MASSENA — Some J.W. Leary Junior High School students have discovered the joys of communication using technology that’s more than 170 years old.

Seventh-grade social studies teacher Tony Cafarella has incorporated Morse code and ham radio into his class as an after-school activity. Students with parental permission, under the supervision of Mr. Cafarella, a licensed ham radio operator, can talk to various countries and log the contact on a map, gaining a sense of geography and science. They’re also learning from scratch how to interpret the dots and dashes of Morse code.

“I’m introducing the kids to a wider world and getting them used to different things like that,” Mr. Cafarella said.

Morse code was developed in the 1830s and 1840s by Samuel Morse, who sent his first telegraph message from Washington, D.C., to Baltimore in 1844. The system assigns a set of dots and dashes to each letter of the English alphabet to allow for simple transmission of complex messages across telegraph lines.

Despite its age, it’s a new —and fun — concept for students like Connor Wells, who carries a cheat sheet of sorts as he learns how to interpret all the dots and dashes. Mr. Wells said he became intrigued after hearing about Morse from his classmate, Brenden Larue.

“You’re communicating with dots and dashes. It sounds like beeps,” he said. “I say ‘hi’ to him a lot.”

Other students involved in the Morse code sessions are Alex Rodriguez, Aimee Katura, Caitlyn Reed, Carly Beckstead, Mariah Johnson, Allysin Eckstein and Noah Southworth.

Mr. Cafarella said he started the students off with a few letters and asks them to interpret five words a minute to begin. That will be bumped up, in time, to 10 words a minute, he said.

He uses what’s called Koch’s method, developed in the 1930s by German psychologist Ludwig Koch, to teach the students. It dictates that individuals should start learning at the desired speed, but starting with only two characters. Each session is five minutes long, and whenever an individual gets 90 percent or more correct, another character is added.

“I think it improves their concentration and listening skills and exercises the right side of their brain and left side of their brain,” Mr. Cafarella said. “It’s a slow process of learning. Right now, some kids can do 10 words a minute. There’s a lot of potential for learning.”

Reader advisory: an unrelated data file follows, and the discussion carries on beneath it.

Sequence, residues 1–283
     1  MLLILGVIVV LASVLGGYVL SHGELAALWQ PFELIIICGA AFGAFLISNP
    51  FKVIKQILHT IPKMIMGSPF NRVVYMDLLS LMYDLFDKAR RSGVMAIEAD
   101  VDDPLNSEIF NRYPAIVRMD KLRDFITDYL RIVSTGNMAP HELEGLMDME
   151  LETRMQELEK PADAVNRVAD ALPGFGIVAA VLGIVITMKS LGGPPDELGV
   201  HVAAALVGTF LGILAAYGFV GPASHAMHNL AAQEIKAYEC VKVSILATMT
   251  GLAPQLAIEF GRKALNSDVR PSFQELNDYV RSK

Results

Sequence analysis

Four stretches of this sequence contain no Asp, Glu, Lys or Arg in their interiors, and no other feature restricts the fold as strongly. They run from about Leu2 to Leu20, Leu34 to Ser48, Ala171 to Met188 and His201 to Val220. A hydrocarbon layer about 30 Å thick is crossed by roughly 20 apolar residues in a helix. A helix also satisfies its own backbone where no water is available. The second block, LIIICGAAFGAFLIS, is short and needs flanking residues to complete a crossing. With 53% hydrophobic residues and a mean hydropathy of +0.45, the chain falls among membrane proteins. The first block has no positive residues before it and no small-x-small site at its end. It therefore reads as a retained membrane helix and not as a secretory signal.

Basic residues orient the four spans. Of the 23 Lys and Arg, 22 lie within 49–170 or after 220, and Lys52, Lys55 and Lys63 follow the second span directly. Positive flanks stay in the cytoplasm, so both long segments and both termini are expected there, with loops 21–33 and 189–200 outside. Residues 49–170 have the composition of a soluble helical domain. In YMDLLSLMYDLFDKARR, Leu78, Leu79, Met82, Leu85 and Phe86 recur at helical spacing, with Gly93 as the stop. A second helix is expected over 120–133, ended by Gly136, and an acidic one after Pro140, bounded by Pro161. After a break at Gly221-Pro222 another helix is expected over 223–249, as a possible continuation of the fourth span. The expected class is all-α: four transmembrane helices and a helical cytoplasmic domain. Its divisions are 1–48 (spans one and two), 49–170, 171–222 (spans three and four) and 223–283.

He said there are also several smartphone apps for learning Morse code, and one student suggested incorporating smartphones into the study.

“In this scenario, students might perform a speed competition in which a given message would be sent in Morse code and via text. Who would be the first to receive the message? This might lead to a fun competition in which students can compare the speed of old and new communication modes. Of course, the operator would have to be proficient in Morse code. Can new communication modes compete with ‘antiquated’ Morse? The answer might be surprising,” he said.

Other students, meanwhile, are immersed in ham radio, another form of communication that dates back to a bygone era, stemming from the dawn of radio telegraphy in the mid- to late 1800s. The students include Ethan Firnstein, Amy Capozzi, Haili Cartin, Daniel Francis, Connor Mcpherson, Reilly Donahue, Norman Austin and Fred Anson.

Mr. Cafarella said junior high music teacher Dave Alderson had suggested ham radio as a way to improve the learning process.

“Dave suggested what a great way to make connections with geography and other areas. I had some old equipment that I brought in and the kids became very interested in it,” he said.

During their free time and as appropriate after school, while some students have been working on their Morse code, others have been sitting at the radio, talking with other ham radio operators along the eastern seaboard. The distance they can communicate is limited by the size of the antenna they’re using, according to Mr. Cafarella.

“We have developed a core group of students that are really engaged and excited about this. We have already contacted about 10 stations on the eastern seaboard of the United States. The farthest station we have made contact with was located in Florida,” he said.

When the students contact a station, they exchange postcards with the other operator. One of the cards is from as close as Norwood; another is from Michigan. Using a map on the wall, students pinpoint the stations where they’ve had contact.

“We exchange postcards (QSL cards) with some of the stations we contact. The other day we did hear a station in Spain trying to communicate with Australia. Very exciting,” Mr. Cafarella said.

He said the student radio operators are not only having fun, but they’re learning in the process. He said it promotes concentration and listening skills; electronics skills; operating ethics and codes of conduct on the air, which can be applied to other areas of life; basic geography skills; an awareness of the environment in which they live; public service in the event of emergency; patience and understanding; a better understanding of the sciences; and an openness to explore.

In addition to the Morse code and ham radio students, others who are participating in the activities include Carson Witkop, Remmington Charleson, Shakoronhioke Jacobs, Keegan O’Donnell, Nathaniel Doe and Joe Seguin.

“It is so rewarding to see students engaged in this great hobby. It truly is an interdisciplinary activity with links to many different fields of study. The students look forward to expanding their activities,” Mr. Cafarella said.

For ham radio operators who are interested in talking with the students, Mr. Cafarella’s contact ID is KC2DIS.

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